what is life without passion! everyone needs some intensity!

seriously though, i think people should have the same expectations of relationships as they do of friendships. i have friends that no matter what they have to say (well, almost), when they call or when they drop by, i always have time to listen to them and go out with them, and i completely enjoy and look forward to it. i really want to hang out with them. and then i have friends that are pleasant to talk to and hang out with if i'm around/they're around, but i could very easily let them slip out of my life. you must know in your heart which kind of friend she is.

>>Would I be cheating myself out of a chance for happiness by not continuing this relationship? Or am I cheating myself by continuing with it?>>
why agonize about it anyway as if happiness was a one shot deal - choose now or lose it forever. unless there is some obstacle, usually the most natural things just happen inevitably, don't they?
posted by gt at 8:56 PM on January 30, 2006

I am probably not doing the nuances justice here, but take it from me: you're wasting your time. I've been down this road and lost at least 5 years of my life shoehorning sub-fantastic partners into my life rather than soldier on single. It's not worth it. You're confused. You're distracted. You're in doubt, not just of her, but I mean of yourself as well: you're INSIDE doubt. This is subtractive. It's hurtful to both of you in the end. It's a waste of time. And time, in these matters, is measured in years. If this engagement is keeping you from anything else, it needs to go.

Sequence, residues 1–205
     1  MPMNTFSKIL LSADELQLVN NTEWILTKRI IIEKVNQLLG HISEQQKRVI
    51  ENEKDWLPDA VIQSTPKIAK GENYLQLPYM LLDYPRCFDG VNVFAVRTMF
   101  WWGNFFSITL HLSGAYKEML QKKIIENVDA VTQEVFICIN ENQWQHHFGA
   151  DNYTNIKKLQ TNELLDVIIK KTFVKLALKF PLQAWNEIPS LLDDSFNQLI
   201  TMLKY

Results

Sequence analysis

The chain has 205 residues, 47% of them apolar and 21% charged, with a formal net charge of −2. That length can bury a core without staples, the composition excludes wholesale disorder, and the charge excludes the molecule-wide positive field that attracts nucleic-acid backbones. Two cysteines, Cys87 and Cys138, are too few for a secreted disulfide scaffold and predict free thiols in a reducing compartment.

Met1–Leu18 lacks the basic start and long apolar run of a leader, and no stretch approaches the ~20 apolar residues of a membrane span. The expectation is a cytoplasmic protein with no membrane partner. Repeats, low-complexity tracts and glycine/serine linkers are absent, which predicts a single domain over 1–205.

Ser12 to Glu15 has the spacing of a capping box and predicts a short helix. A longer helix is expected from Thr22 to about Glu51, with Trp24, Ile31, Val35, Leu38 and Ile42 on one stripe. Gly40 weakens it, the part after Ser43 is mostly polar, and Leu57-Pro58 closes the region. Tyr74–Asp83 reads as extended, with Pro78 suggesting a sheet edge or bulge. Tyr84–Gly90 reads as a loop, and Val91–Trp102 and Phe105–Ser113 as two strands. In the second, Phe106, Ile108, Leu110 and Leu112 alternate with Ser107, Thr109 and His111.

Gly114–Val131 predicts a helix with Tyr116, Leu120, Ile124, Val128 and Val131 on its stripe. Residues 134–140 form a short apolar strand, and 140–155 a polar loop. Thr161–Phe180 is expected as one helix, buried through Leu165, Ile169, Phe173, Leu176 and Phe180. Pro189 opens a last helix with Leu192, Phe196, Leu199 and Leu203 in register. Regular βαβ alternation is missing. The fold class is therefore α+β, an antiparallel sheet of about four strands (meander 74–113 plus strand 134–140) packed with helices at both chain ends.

If you know what it means to be more excited by a relationship, and it sounds like you do, then pursue that. Actively look for it. And know when to cut the string a few weeks in if it ain't all that.

Good luck. Much sympathy from me over your decision point.
posted by scarabic at 8:59 PM on January 30, 2006

If a couple of weeks means two weeks then, uh, you're still dating. This isn't really a relationship. There's no there there yet, amigo. Have you just swung from one extreme to another? Instead of becoming obsessive are you now being overly distant and unavailable? Give it more time. Take some time to really find out who she is. Who knows, she might be a great girl. Once you make the conscious effort and do the time, you might find your affection growing for her exponentially and you'll be glad you didn't give in to your initial doubts. If it helps, set a deadline for yourself. If your feelings for her haven grown by date X then break it off and do the single dance again.
posted by nixerman at 7:17 AM on January 31, 2006